Make us your home page
Instagram

Today’s top headlines delivered to you daily.

(View our Privacy Policy)

Test with live malaria parasites bolsters vaccine hopes

About malaria • Millions in the tropical and subtropical world are infected with malaria each year. • About a million die. • There is no vaccine yet, and preventive drugs are too expensive for most people.

iStockphoto.com

About malaria • Millions in the tropical and subtropical world are infected with malaria each year. • About a million die. • There is no vaccine yet, and preventive drugs are too expensive for most people.

In a daring experiment in Europe, scientists used mosquitoes as flying needles to deliver a "vaccine" of live malaria parasites through their bites.

The results were astounding: Everyone in the vaccine group acquired immunity to malaria; everyone in a nonvaccinated comparison group did not, and developed malaria when exposed to the parasites later.

The study was only a small proof-of-principle test, and its approach is not practical on a large scale. However, it shows that scientists may finally be on the right track to developing an effective vaccine against one of mankind's top killers. A vaccine that uses modified live parasites just entered human testing.

"Malaria vaccines are moving from the laboratory into the real world," Dr. Carlos Campbell wrote in an editorial accompanying the study in today's New England Journal of Medicine. He works for PATH, the Program for Appropriate Technology in Health, a Seattle-based global health foundation.

The new study "reminds us that the whole malaria parasite is the most potent immunizing" agent, even though it is harder to develop a vaccine this way and other leading candidates take a different approach, he wrote.

Malaria kills nearly a million people each year, mostly children under 5 and especially in Africa. Infected mosquitoes inject immature malaria parasites into the skin when they bite; these travel to the liver where they mature and multiply. Then they enter the bloodstream and attack red blood cells — the phase that makes people sick.

People can develop immunity to malaria if exposed to it many times. The drug chloroquine can kill parasites in the final bloodstream phase, when they are most dangerous.

Scientists tried to take advantage of these two factors, by using chloroquine to protect people while gradually exposing them to malaria parasites and letting immunity develop.

They assigned 10 volunteers to a "vaccine" group and five others to a comparison group. All were given chloroquine for three months, and exposed once a month to about a dozen mosquitoes — malaria-infected ones in the vaccine group and non-infected mosquitoes in the comparison group.

That was to allow the "vaccine" effect to develop. Next came a test to see if it was working.

All 15 stopped taking chloroquine. Two months later, all were bitten by malaria-infected mosquitoes. None of the 10 in the vaccine group developed parasites in their bloodstreams; all five in the comparison group did.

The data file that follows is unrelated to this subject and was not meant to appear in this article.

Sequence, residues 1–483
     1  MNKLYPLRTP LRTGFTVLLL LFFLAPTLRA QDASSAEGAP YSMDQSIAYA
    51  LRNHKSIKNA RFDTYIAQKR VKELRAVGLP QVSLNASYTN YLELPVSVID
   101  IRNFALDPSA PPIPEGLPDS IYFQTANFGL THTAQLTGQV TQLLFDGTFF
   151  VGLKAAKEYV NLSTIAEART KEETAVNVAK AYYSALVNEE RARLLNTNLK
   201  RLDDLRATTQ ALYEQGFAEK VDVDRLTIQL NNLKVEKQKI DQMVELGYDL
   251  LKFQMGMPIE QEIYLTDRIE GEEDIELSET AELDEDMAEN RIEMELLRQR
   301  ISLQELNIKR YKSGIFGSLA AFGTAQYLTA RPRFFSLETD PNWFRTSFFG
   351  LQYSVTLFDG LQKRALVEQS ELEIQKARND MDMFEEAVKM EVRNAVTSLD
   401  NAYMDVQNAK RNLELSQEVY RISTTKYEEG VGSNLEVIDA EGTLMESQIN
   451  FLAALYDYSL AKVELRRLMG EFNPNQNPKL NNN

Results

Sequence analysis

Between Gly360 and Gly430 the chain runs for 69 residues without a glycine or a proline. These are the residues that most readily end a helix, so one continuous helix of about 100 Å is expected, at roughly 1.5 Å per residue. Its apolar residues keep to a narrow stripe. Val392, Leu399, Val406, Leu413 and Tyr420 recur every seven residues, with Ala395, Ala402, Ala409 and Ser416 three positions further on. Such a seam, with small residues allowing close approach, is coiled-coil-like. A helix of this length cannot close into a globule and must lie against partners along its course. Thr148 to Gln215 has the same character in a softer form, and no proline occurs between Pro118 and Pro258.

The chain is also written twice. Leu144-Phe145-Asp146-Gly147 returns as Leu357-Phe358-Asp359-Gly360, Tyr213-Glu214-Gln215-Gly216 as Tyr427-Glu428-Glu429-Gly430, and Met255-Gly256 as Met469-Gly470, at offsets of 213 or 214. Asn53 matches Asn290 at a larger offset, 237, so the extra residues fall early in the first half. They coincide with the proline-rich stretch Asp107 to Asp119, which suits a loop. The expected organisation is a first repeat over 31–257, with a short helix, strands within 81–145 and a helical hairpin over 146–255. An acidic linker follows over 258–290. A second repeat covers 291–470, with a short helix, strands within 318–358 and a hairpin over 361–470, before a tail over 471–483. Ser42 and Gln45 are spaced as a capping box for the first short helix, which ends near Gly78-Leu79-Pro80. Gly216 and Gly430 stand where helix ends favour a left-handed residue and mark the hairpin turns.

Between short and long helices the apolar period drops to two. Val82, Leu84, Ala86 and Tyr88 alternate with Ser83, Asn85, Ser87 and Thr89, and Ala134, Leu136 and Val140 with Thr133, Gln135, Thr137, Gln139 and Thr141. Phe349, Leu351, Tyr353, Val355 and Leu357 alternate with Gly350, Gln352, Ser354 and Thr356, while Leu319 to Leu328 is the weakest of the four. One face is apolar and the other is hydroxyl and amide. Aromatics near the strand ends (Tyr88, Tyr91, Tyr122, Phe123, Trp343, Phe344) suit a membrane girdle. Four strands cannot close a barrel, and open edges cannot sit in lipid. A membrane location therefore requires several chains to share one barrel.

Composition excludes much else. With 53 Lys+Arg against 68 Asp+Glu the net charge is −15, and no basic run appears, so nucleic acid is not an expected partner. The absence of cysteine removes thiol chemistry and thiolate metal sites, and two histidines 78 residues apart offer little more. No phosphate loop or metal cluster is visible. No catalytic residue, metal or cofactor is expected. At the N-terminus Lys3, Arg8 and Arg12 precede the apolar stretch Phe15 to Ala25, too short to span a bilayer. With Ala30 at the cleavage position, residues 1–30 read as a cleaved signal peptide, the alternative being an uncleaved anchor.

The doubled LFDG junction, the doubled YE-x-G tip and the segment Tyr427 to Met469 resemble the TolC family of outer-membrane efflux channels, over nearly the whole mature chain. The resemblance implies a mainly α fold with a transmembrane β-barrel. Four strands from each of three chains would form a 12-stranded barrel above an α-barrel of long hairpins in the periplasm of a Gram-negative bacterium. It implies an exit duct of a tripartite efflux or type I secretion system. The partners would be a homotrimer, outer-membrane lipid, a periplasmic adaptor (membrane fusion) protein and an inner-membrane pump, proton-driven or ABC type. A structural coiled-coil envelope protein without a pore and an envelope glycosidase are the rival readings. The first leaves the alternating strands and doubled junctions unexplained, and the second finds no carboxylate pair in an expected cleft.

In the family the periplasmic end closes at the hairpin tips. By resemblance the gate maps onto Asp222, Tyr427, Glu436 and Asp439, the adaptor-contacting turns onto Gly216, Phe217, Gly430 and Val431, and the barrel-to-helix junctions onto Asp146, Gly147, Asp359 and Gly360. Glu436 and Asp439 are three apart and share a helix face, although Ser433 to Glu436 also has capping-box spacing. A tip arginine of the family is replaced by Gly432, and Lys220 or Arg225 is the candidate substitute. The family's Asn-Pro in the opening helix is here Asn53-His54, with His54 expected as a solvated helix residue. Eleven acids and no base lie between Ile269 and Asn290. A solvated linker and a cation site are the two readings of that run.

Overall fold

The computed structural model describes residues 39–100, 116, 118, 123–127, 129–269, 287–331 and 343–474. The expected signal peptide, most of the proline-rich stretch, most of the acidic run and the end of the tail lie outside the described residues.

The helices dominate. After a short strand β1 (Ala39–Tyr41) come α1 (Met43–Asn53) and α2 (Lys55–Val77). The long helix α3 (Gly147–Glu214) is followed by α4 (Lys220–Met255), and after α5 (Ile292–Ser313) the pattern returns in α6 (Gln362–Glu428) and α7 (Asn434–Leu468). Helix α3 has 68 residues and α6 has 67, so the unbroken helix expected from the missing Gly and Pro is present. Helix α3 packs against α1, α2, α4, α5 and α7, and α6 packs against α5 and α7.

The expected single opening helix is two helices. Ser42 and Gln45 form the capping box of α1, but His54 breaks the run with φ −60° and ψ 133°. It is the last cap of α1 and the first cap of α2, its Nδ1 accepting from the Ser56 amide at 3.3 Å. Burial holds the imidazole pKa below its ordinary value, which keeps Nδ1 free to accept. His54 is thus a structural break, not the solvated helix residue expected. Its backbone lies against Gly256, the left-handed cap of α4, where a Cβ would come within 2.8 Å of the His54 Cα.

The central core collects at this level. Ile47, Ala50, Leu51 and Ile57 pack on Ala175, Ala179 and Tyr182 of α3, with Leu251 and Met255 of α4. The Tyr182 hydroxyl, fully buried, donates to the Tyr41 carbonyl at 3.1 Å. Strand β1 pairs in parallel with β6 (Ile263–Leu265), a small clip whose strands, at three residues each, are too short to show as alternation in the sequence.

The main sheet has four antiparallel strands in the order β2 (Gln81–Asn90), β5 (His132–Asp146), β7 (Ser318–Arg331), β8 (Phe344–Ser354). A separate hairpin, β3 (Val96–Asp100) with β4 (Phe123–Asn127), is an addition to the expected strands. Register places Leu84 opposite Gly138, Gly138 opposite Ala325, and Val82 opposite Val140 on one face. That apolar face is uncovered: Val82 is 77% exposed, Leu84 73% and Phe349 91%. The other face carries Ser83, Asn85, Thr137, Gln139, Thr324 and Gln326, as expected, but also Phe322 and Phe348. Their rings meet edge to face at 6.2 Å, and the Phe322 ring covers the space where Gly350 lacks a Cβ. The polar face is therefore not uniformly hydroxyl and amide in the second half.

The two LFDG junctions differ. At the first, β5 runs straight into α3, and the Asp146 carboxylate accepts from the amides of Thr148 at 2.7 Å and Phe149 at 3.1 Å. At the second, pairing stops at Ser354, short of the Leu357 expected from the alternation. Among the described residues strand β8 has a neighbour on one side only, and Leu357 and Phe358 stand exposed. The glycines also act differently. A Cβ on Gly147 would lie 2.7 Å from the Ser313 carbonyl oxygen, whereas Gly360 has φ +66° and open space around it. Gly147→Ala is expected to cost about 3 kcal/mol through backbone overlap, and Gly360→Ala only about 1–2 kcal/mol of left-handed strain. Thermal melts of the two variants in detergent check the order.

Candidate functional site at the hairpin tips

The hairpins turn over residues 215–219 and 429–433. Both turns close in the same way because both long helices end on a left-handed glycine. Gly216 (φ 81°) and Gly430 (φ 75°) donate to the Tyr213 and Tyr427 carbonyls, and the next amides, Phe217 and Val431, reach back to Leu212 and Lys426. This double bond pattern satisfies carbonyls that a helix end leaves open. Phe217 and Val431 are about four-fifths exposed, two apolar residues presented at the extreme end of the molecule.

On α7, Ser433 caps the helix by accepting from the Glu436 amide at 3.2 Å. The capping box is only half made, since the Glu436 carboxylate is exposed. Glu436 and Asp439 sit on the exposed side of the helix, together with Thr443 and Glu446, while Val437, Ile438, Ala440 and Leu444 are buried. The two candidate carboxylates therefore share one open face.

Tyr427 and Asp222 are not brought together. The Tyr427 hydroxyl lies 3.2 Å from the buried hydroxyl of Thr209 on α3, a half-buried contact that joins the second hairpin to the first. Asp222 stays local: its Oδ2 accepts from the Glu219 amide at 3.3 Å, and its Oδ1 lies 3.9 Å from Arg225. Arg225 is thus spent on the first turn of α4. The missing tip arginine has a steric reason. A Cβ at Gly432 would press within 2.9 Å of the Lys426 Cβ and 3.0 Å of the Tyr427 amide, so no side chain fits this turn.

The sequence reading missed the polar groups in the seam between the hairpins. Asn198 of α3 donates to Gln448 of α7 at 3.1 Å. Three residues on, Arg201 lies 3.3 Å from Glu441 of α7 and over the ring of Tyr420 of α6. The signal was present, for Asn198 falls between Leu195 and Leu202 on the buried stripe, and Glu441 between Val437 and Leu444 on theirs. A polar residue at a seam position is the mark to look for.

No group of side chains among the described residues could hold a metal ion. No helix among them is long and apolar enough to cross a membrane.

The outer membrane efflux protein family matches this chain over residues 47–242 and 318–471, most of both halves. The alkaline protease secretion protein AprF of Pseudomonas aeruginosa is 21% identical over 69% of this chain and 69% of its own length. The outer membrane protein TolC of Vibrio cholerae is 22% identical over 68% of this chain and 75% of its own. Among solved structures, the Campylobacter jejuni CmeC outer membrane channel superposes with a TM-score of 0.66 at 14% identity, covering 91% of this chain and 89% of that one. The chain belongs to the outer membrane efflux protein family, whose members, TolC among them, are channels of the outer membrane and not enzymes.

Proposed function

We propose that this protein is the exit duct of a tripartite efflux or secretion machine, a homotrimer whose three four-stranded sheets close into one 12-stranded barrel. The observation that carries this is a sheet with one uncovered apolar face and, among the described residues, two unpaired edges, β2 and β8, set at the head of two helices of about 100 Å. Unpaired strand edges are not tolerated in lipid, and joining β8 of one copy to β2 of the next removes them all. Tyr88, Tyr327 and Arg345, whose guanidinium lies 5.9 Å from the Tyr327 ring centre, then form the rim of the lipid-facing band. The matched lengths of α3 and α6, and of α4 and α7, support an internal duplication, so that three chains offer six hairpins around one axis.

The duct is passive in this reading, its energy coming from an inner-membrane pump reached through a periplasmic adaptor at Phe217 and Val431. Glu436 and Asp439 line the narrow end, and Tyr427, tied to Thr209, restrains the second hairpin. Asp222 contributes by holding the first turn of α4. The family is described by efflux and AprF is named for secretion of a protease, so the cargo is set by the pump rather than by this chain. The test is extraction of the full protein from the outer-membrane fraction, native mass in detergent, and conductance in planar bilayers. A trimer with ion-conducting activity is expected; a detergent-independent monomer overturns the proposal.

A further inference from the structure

The study was done in a lab at Radboud University in Nijmegen, the Netherlands, and was funded by two foundations and a French government grant.

"This is not a vaccine" as in a commercial product, but a way to show how whole parasites can be used like a vaccine to protect against disease, said researcher Dr. Robert Sauerwein.

Two other reports in the New England Journal show that resistance is growing to artemisinin, the main drug used against malaria in the many areas where chloroquine is no longer effective, underscoring the urgent need to develop a vaccine.

Test with live malaria parasites bolsters vaccine hopes 07/29/09 [Last modified: Wednesday, July 29, 2009 5:46pm]
Photo reprints | Article reprints

Copyright: For copyright information, please check with the distributor of this item, Associated Press.
    

Join the discussion: Click to view comments, add yours

Loading...
  1. Deputies: Dade City man admitted to pouring hot water on 2-year-old

    Crime

    A Dade City man was arrested after he admitted he poured scalding water on a 2-year-old, deputies said.

    Jonathan Lee Howard, 26, of Dade City, was arrrested after deputies say he  admitted to pouring scalding water on a 2-year-old. [Pasco County Sheriff's Office]
  2. Who took a knee? How each NFL team responded to Donald Trump's tweets about anthem protests

    Bucs

    NFL players, coaches and owners across the league reacted in various ways on Sunday to remarks from President Donald Trump speaking about NFL players who have protested during the national anthem.

    Members of the Oakland Raiders kneel during the playing of the National Anthem before an NFL football game against the Washington Redskins in Landover, Md., Sunday, Sept. 24, 2017. [Alex Brandon | Associated Press]
  3. St. Petersburg City Council candidates set to speak tonight

    Elections

    ST. PETERSBURG — City Council elections are in full swing and on Monday night voters can hear from the six candidates at a forum being held at City Hall.

  4. East Lake alum George Campbell starting to click at Florida State

    Blogs

    When receiver Auden Tate (Wharton High) went down with a shoulder injury for Florida State on Saturday, the Seminoles' offense took a major hit. Quarterback James Blackman was 16-of-22 for 190 yards before Tate's injury and 6-of-16 for 88 after it.

  5. This Lemon Blueberry Bundt Cake is ready for breakfast, dessert or your next party

    Cooking

    This week, food critic Laura Reiley offers thoughts on the Bundt cake, and why it and other retro desserts are making a comeback. Read that story here.

    Lemon Blueberry Coconut Bundt Cake. Photo by Michelle Stark, Times food editor.